Next up, I wanna talk about T-Mobile and Sprint, over the weekend they both confirmed that they would no longer be merging.
There were tons of talks and rumors about the two getting together.
Really I had heard from several sources that this was supposed to be a done deal.
Turns out it's not, they're going their separate ways.
And Sprint offered a better consolation prize on Sunday, announcing that they've struck a wireless resaler deal with cable provider, Altice.
If you happen to be in that region, we're actually in the Altice territory, or at least I am.
Out on Long Island, you can get Sprint service there.
So what were the pros and cons of merging, and why did the cons kind of outweigh it for Sprint or T-Mobile?
For Sprint and T-Mobile, a lot of folks on Wall Street projected that this company would save about $50 billion.
If they got together shared their resources into investing in their networks, now, positives for consumers for merging would have been, theoretically, these two could have created a really kick **** network with all their combined spectrum assets, they would had a really great coverage that would have been comparable to AT&T, and Verizon, downside is while those two are integrating, you're down to three players, it's lot less competitive.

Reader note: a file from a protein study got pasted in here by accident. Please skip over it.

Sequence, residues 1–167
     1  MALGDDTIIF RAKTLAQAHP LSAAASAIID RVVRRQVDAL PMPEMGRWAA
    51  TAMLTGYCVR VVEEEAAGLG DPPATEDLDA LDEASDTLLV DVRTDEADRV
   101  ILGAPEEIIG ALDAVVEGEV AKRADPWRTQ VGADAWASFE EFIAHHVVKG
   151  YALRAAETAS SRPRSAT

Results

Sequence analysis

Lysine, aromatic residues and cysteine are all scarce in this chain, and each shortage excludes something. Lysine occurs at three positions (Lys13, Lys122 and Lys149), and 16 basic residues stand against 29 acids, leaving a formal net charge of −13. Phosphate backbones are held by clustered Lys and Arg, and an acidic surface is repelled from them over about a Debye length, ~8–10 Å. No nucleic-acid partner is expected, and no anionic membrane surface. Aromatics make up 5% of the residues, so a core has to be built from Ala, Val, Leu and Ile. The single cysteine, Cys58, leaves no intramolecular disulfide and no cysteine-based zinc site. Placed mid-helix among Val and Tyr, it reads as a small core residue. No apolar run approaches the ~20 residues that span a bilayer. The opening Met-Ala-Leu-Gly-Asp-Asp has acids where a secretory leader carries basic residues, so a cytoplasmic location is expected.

Prices theoretically could've gone up, so there's some pros and cons there.
But there are a lot of reasons to be, if you're a consumer, to be happy that these two are going their own way.
But I guess, why did they back out at the last minute if this was supposed to go through?
So they backed out ultimately because, at least, reportedly Soft Bank wasn't happy with the way the deal was structure because they would become the minority owner.
They own Sprint, Soft Bank As background as a Japanese carrier who bought a majority stake in Sprint.
Under the combined combination Deutsche Telekom, which is T-Mobile's parent, would have been the majority shareholder.
SoftBank would be the minority.
They didn't wanna lose that control and so they decided to part ways.